Why Do Writers Write?

Asking my self this same question, “Why do I write?” I am taken to this keyboard to try to explain it to myself… And hopefully you

When I was a cook and then a chef in the 80s and early 90s, an episode of Northern Exposure was able to explain why I cooked, to me. One of my favorite characters, Adam the Chef, posed this question to his sous chefs;

“Why do I cook?” the barefoot Adam, portrayed by Adam Arkin, bellowed at the sous, lined up like in a fraternity hazing line, or a military book camp scene from many movies.

One underling replied; “Because I like to eat my own cooking.”

Adam, heated more so, replied; “Exactingly, because I like my Osso Bucco, my Eggs Benedict with my Hollandaise. I like my Bernaise on my Rack of Lamb…”

But, when as a chef, then before as a cook, now as the preparer of my favorite dishes ten years after leaving the biz, when I am done with the creative process, I get to sit down to a meal, that makes me happy. A meal that I savor, that I share with my mate, that brings me happiness.

So what makes writers different than Chefs?

When I write, when I am really in the groove, (hopefully) writing stories that I hope will move you… It is as if the story is telling itself to me. At these times I am simply the typist. When putting pen to paper, I am simply the writer, using the skills I learned in grade school to make marks on a white sheet that previously was blank.

When that is over, when the story line ends, when it stops telling me what to write down, there is no plate of savory creation to enjoy. There is no one to share it with. No one to tell me how good it is, no one to say “Mmmmmm….”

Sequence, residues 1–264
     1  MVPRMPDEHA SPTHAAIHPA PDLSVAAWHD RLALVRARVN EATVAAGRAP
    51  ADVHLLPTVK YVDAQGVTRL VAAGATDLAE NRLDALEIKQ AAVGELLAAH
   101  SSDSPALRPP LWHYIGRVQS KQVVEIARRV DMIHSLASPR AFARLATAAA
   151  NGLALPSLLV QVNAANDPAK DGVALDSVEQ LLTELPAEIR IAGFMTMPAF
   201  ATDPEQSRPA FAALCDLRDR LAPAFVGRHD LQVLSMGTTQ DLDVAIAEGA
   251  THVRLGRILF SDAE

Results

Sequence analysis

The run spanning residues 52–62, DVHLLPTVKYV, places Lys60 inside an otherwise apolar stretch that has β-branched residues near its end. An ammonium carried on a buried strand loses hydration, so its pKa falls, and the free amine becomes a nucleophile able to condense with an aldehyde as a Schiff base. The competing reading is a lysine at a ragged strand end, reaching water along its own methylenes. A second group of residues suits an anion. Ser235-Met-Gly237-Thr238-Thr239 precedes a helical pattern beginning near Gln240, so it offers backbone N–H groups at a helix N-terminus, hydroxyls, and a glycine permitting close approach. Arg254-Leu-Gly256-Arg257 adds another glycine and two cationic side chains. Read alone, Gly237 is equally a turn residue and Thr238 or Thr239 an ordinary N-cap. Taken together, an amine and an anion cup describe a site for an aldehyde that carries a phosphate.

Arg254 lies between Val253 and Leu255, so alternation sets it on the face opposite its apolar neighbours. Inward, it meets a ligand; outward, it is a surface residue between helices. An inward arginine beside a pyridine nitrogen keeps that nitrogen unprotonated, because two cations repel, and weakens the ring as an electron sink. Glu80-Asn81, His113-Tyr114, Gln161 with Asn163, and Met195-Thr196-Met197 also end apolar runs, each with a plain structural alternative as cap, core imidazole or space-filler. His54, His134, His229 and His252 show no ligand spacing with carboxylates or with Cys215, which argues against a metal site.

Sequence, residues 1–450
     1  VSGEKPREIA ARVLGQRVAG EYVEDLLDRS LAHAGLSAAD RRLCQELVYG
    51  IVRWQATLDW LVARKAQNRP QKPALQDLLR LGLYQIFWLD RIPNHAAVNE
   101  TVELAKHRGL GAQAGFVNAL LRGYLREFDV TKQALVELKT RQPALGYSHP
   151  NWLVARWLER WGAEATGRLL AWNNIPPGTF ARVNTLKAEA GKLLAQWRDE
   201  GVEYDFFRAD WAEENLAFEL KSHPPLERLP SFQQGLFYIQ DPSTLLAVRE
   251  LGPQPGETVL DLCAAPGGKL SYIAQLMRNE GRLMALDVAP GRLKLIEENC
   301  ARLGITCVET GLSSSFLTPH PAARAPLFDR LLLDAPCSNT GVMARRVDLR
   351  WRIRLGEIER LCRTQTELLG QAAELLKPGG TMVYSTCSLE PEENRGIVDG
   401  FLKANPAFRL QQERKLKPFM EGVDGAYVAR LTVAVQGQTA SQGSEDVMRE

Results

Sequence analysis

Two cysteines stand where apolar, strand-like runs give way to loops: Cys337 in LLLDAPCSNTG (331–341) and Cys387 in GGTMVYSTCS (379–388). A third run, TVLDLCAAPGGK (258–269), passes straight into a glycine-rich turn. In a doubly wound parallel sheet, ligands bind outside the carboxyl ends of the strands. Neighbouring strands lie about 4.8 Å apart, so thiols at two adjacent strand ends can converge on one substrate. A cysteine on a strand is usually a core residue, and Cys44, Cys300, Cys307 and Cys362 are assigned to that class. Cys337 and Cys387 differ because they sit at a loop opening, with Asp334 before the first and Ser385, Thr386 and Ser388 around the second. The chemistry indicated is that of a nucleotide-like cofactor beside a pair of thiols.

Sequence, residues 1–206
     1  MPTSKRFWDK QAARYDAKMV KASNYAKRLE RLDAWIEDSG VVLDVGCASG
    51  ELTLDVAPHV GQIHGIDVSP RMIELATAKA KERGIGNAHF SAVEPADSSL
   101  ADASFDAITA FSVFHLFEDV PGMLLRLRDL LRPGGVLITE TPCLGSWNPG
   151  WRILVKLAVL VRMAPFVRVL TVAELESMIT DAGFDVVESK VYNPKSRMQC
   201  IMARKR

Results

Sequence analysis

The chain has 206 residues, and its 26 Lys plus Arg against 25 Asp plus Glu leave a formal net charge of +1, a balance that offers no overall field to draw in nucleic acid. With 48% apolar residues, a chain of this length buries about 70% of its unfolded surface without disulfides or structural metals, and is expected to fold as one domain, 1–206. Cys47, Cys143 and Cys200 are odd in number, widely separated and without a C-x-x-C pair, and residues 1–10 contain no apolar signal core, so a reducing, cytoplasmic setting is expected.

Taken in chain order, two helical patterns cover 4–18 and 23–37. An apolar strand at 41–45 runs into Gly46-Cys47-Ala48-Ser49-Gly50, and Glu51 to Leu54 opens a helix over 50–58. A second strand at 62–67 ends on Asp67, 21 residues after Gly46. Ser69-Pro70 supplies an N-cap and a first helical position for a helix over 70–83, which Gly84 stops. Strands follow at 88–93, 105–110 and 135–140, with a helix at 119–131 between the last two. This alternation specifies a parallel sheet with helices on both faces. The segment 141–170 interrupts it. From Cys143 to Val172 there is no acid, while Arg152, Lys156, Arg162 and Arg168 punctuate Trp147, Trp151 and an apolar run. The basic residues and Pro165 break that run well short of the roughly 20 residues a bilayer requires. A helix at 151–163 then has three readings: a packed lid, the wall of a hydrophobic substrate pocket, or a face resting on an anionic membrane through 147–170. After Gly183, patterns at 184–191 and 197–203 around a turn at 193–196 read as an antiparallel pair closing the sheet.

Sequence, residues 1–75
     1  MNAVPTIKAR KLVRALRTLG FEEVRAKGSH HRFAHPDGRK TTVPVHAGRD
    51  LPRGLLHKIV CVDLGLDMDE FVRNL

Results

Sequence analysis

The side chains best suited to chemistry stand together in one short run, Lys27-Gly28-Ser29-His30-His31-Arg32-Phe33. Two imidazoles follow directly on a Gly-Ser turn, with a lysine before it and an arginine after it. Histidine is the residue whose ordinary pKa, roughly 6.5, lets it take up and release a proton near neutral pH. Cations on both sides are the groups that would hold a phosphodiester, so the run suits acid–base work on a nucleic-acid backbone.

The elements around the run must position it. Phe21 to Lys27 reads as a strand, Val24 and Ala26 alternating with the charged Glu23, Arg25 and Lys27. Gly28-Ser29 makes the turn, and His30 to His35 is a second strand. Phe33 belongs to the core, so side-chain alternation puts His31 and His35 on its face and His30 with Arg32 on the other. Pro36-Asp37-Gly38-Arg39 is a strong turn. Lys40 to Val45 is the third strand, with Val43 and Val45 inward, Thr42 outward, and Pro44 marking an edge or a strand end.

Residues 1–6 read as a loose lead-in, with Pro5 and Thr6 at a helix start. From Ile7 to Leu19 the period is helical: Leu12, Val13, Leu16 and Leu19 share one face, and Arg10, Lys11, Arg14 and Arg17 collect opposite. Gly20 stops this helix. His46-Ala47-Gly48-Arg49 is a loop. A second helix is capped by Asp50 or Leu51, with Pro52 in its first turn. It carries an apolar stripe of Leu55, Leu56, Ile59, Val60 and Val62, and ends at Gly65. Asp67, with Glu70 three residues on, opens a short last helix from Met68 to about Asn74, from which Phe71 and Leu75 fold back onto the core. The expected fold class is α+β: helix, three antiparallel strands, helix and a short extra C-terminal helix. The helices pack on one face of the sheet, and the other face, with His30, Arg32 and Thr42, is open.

In fact, when I have done my best work, when the story told me what to jot down, I actually experience a depression. The vision of the characters having a conversation, a meeting of their minds, their’s and if I am lucky, mine, is gone.

The image of them, living in my imagination and being recorded to text on the screen or pen strokes on paper, fleets. I am left with only reading what just moments before was alive before me, as a pale comparison of what my mind saw. For that time when I wrote, my Kimis and Stuarts were alive. They spoke, I listened, recorded.

Now, reading the record of their moment, I become only an editor, trying to refine what you will hopefully someday read, and some how, SEE, LIVE, Re-Animate as they speak to you, seeing them in your mind too.

And that leads me to try to explain why writers write…

It is not the end result we writers crave, the dish shared, savored, the pleasure our mouths derive from the consumption. But instead, we write again, because like you, our imagined reader that can’t stop eating no matter how full you become, we as writers can’t wait for our characters to tell us what happens next.

And so I pour bourbon into my mouth as I write this, in a effort to not long for the next story Kimi and Stuart will tell me. I can now only hear them faintly, no longer speaking, they seem to mumble.

Until then we part, like the lover that has loved and left me, I wait for the next lovemaking session and my lover’s return. As I hope you crave the next time my writing makes love to your imagination.

– Chris Lang – 11:11 PM, February 8th, Denver, Colorado